The Godfather has cinematography that rivals artwork by some of the Masters in its construction, with the now classic silhouettes of the opening scenes suddenly contrasted against the vibrant colour of the wedding. It has a cast of acting genius that the word 'talented' can only begin to describe, with Marlon Brando at the pinnacle of his powers, Al Pacino's perfection, James Caan's explosive force and Robert Duvall, Diane Keaton, John Cazale, Abe Vigoda and the great Sterling Hayden all lending even further weight to this giant. The screenplay is packed full of dialogue that some people actually live by (watch You've Got Mail to fully understand) and scenes that have been parodied hundreds of times since – by the way, did you know that the name of the horse that loses its head is Khartoum!

Marlon Brando won his second Best Actor Oscar for his role as Don Corleone, although he famously sent the fake Indian girl to collect it for him, while Francis Ford Coppola may have lost out on the Best Director award to Bob Fosse for Cabaret, but he did share the Oscar for Best Writing, Screenplay Based on Material from Another Medium, with Mario Puzo, who wrote the novel on which the film was famously based.

The Godfather also walked away with the Best Picture award, currently holds the second spot on IMBD's Top 250, has been selected for preservation in the United States National Film Registry, is ranked as the second greatest film in the American Film Institute's 100 Years... 100 Movies list and, as I mentioned earlier, topped Empire's Top 500 films list. Quite simply Tom Hanks' sums it up in You've Got Mail:

The Godfather is the I Ching. The Godfather is the sum of all wisdom. The Godfather is the answer to any question. What should I pack for my summer vacation? 'Leave the gun, take the cannoli.' What day of the week is it? 'Monday, Tuesday, Thursday, Wednesday.'

For those of you reading this review today I ask you to become a film mentor to somebody close to you. Help them navigate through the thousands of titles available on DVD and teach them about the beauty of cinema… it certainly wouldn't hurt to start with The Godfather, although make sure they aren't at an age where the sight of a bloody horse's head or a man being shot to pieces at a toll booth will leave them with nightmares!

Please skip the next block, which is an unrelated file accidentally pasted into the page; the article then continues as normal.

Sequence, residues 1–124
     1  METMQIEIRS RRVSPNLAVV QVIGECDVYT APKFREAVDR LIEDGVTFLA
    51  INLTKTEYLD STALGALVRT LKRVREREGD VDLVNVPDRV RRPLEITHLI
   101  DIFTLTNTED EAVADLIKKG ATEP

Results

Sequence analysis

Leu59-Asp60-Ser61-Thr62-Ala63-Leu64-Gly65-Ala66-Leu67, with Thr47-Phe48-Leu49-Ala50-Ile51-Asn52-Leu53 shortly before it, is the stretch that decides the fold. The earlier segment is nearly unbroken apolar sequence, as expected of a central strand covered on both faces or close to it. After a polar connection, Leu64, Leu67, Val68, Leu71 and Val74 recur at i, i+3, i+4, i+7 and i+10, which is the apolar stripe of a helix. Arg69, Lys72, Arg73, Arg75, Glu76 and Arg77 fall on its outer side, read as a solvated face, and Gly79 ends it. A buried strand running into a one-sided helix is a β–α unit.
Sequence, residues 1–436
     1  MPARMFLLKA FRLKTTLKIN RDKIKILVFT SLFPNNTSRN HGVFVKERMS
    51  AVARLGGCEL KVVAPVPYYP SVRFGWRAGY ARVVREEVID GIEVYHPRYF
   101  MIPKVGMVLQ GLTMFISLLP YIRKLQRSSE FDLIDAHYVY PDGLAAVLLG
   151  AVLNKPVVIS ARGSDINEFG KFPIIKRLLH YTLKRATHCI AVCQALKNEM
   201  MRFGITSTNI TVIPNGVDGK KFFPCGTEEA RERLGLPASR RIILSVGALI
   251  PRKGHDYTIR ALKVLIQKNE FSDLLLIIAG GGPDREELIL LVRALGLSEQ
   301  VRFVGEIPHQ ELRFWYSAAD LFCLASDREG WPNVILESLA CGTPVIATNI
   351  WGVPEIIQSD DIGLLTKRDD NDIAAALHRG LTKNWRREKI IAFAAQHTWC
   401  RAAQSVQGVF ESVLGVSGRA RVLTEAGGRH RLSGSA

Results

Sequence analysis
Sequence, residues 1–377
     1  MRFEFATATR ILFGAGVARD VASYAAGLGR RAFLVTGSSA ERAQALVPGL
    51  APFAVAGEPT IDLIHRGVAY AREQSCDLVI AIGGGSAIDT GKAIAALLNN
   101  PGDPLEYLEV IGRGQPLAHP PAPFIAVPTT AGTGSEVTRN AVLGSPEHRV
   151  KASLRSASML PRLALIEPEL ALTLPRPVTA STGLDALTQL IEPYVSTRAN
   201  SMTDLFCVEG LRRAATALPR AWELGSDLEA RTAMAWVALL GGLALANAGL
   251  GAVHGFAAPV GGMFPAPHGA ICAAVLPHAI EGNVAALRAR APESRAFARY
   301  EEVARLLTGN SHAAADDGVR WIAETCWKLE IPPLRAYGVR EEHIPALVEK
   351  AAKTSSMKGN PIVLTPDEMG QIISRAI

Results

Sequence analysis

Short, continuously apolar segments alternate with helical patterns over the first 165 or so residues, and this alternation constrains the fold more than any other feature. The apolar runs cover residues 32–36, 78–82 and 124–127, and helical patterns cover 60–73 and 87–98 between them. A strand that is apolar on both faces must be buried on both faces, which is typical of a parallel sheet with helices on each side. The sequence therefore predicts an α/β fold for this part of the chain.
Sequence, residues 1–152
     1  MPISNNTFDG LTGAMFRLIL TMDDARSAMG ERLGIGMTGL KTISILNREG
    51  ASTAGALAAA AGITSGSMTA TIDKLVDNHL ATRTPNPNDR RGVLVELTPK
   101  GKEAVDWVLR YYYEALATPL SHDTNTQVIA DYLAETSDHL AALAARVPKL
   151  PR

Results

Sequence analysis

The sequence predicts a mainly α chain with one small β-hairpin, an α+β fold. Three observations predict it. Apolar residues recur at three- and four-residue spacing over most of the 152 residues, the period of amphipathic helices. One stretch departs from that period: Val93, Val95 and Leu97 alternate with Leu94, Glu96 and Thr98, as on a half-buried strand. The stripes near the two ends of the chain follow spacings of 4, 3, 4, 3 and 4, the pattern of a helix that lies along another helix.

By the way, Seamsu, do you know there are also two sequels?


    
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Emanuel Paparella2009-04-07 12:19:49
Interesting peroration to film as an art form Asa. The suggestion of becoming a film mentor is certainly appropriate, given that quite often in our brave new world perfume and garbage is mixed together and it is hard to sort it all out. Even within the film itself there is much of that to sort out, for certainly many immature audiences (and readers of the Puzo novel) have mistaken the content for a celebration of a life of crime.

I have at times given taught a course on Italian cinema and have always advices students not to miss another superb movie which is perhaps itself a peroration to cinema, a metamovie, so to speak, teaching the beauty of cinema. I refer to "Cinema Paradiso". I highly recommend it to those who have never heard of it. It could well function as a sort of introduction to cinema via cinema.


Asa2009-04-07 12:32:55
"Cinema Paradiso" is also among my favourites - you cannot fail to be overwhelmed by the emotions of the final scenes when Salvatore begins watching the film reels of all of those censored kisses!


Emanuel Paparella2009-04-07 16:46:21
Indeed, and as one watches them, the whole history and panorama of cinema is presented, from the silent movies of Charlie Chaplin to John Wayne's.


Thanos2009-04-07 19:31:05
Even though I wouldn’t put the God Father in the top of my favourite films it is definitely on the top ten list. Your reference and I suppose inspiration to write this, Mr. Seamsu makes me really wander what his top ten list includes and if he has ever heard of Fellini, Bergman or Fassbinder and if anybody will mention them after twenty years.

Btw the same time with "Cinema Paradiso" another fantastic film came out, “Il Postino”